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Invited Speakers

Korea,South (南韓)
  • Prof. 徐志榮(Gee-Young Suh)
  • Department of Critical Care Medicine
  • Samsung Medical Center, Sunkyunkwan University School of Medicine
Biography:
Professor Gee-Young Suh is a pulmonary and critical care physician working at Samsung Medical Center in Seoul, South Korea. He severed as the Director of ICU of Samsung Medical Center for 16 years and in 2013, he became the Chair of Department of Critical Care Medicine first clinical department dedicated to critical care in South Korea. He is one of the primary investigators of Korean Sepsis Alliance and is currently serving the President of Korean Society of Critical Care Medicine and as member of Council of World Federation of Intensive. His research interests include sepsis, derecruitment-associated lung injury, ICU rehabilitation, ECMO, and rapid response system.
Abstract:
History of KSCCM and Collaboration with International Societies
Critical care has long been a big part of Korean medical scene from the beginning of hospital medicine. First documented ICU in Korea was established in 1960 at the National Medical Center. The Society itself was organized in 1980 when thirty somewhat doctors from various specialties came together with one goal in mind; to improve care for the critically ill. The Society was initially called the Korean Society of Resuscitation Medicine was changed to current name of Korean Society of Critical Care Medicine (KSCCM) in 1996. Since then, the Society has worked diligently to improve critical care and to encourage academic growth of its members. The KSCCM has also been diligently working with the government to improve the critical care system in Korea. In 2008, it established the subspecialty board diploma in critical care which was endorsed by all specialty societies (9 different societies) associated with critical care. Now the number of membership is more than 2900 strong and has certified 1774 subspecialty board, and current has 61 training centers training 150 fellows. Currently KSCCM is working hard to improve the model of critical care to the level of advanced countries trying to convince the government that to improve preparedness for the next pandemic this improvement is essential.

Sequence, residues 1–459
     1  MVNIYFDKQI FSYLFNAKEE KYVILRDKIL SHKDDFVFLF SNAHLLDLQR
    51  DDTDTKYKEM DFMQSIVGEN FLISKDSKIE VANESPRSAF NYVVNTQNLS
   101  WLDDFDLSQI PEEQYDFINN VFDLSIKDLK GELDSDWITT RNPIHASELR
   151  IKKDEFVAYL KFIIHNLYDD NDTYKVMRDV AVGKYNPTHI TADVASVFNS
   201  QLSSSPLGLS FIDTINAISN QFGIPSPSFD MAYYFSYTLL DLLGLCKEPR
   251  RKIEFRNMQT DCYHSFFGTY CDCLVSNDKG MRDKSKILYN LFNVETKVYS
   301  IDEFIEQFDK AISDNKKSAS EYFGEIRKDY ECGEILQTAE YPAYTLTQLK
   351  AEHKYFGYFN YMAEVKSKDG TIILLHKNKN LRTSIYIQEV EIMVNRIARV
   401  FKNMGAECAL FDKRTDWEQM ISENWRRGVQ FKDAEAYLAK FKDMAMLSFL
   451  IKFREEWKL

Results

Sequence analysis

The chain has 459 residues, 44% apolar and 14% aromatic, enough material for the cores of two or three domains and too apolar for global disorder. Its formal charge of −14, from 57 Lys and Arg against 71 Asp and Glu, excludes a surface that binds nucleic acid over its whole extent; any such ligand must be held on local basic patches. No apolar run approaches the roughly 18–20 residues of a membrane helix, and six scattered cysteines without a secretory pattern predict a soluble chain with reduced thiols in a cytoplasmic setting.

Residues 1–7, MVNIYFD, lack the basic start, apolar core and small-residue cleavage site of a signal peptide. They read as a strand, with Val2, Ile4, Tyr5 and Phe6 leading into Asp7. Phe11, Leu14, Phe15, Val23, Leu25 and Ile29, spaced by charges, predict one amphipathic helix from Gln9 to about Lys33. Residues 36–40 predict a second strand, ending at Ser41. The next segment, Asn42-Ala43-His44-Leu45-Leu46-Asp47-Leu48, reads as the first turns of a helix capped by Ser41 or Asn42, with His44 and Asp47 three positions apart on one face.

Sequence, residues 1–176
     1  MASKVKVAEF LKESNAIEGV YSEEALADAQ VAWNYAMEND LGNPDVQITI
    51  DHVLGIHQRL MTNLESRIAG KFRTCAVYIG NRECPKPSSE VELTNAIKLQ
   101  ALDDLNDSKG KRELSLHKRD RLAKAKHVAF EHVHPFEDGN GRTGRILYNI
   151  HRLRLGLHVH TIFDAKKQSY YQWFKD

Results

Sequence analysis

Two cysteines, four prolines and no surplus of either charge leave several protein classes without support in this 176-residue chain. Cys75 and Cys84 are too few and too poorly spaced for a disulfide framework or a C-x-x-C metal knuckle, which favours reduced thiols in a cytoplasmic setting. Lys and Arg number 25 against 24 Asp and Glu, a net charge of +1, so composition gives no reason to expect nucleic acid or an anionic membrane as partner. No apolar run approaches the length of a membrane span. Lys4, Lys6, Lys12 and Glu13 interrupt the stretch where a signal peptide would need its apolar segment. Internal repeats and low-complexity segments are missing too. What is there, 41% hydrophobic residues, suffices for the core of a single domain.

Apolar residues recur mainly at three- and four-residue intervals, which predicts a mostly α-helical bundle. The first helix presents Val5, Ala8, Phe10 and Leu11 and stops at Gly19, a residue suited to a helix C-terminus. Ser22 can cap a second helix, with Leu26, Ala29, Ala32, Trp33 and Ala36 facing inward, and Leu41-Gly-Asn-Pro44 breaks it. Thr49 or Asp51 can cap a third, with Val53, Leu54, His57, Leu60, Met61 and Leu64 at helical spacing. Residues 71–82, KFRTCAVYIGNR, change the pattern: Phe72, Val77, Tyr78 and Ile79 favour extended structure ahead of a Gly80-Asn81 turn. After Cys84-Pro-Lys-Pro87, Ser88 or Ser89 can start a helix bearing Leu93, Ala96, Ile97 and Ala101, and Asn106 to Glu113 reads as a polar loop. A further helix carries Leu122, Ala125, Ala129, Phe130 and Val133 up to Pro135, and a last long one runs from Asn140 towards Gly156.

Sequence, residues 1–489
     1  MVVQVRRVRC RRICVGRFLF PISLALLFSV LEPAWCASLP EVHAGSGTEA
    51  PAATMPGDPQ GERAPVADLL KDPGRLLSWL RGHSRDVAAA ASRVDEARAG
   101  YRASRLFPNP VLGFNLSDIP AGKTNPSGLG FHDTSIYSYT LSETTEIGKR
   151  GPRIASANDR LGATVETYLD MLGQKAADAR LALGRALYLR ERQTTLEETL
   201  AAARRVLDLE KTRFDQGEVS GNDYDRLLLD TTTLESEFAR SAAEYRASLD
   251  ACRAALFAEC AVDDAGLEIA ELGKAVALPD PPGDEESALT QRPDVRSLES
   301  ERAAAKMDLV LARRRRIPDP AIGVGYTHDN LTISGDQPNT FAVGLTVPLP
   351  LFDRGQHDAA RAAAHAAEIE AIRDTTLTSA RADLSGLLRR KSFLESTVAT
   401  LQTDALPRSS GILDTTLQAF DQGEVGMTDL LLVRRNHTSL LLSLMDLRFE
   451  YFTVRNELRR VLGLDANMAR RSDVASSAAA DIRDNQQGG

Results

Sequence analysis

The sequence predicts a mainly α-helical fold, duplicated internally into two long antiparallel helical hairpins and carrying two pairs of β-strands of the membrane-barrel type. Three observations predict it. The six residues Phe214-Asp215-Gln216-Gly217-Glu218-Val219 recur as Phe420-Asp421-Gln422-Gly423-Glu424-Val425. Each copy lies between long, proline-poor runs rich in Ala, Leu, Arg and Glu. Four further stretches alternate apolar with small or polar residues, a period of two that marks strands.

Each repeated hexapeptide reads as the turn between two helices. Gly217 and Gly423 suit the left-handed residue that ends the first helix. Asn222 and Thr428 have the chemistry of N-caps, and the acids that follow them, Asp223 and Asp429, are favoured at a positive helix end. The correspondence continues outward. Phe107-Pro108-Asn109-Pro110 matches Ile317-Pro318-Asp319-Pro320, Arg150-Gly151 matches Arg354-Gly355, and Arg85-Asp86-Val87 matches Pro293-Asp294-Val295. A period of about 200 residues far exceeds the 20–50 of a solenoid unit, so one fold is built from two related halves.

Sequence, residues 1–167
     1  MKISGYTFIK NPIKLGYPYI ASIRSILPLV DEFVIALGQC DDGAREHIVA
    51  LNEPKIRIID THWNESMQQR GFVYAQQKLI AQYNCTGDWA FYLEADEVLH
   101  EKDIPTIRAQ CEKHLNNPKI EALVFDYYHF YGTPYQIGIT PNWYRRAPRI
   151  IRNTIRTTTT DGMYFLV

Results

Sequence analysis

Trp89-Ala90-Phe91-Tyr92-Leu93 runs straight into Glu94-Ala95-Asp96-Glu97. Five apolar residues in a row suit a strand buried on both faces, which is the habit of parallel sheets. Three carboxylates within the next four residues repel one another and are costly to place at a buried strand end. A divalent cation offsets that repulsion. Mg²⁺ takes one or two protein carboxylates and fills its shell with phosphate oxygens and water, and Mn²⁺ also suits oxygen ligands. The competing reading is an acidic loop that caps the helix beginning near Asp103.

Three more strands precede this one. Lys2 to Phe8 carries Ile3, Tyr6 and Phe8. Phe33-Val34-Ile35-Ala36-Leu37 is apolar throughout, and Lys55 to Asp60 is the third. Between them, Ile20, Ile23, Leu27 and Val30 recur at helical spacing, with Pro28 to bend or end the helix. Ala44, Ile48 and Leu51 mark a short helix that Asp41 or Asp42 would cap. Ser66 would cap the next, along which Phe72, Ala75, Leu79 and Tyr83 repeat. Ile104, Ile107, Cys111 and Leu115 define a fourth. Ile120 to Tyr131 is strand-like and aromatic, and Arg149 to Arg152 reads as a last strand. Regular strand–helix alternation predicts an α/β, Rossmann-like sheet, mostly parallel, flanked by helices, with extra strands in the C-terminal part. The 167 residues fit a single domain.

The real international cooperation was started in 2001 with the joint congress with the Japanese Society of Intensive Care Medicine and this congress has been going on for more than 20 years even during the Pandemic. Also since 2008, we have been conducting education program with the SCCM hosting the first Multiprofessional Critical Care Review Course outside the Americas. Starting last year, we started international cooperation program with the Taiwanese Societies which we hope it will become a lasting friendship.

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